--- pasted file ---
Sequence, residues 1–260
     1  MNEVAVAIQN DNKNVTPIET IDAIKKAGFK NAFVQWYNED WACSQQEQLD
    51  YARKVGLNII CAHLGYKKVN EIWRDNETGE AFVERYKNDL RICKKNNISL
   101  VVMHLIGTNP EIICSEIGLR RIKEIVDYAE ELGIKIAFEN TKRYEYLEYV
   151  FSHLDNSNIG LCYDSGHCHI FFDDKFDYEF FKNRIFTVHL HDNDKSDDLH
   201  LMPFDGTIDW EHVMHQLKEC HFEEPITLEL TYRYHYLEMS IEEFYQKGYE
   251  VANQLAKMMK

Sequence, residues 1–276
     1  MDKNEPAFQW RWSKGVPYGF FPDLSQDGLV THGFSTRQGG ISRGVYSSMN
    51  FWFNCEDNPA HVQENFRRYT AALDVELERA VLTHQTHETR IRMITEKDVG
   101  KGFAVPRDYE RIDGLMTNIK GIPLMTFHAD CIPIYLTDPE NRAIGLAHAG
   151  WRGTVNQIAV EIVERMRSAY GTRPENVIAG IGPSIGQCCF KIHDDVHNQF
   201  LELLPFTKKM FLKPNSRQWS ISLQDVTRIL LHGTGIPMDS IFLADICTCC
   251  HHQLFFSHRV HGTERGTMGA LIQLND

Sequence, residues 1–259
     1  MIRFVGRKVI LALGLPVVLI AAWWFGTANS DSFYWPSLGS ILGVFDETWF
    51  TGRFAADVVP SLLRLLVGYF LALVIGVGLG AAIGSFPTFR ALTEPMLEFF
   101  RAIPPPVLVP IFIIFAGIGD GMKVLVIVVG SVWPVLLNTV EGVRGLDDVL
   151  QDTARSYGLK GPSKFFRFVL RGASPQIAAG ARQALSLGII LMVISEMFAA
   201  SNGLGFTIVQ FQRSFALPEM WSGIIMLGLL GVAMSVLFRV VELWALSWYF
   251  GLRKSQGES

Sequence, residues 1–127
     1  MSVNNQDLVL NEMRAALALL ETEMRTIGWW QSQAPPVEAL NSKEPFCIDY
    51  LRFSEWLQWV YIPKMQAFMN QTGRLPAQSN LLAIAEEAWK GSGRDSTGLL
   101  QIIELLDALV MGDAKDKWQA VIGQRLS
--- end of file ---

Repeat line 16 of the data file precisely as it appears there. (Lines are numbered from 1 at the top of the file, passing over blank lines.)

     1  MIRFVGRKVI LALGLPVVLI AAWWFGTANS DSFYWPSLGS ILGVFDETWF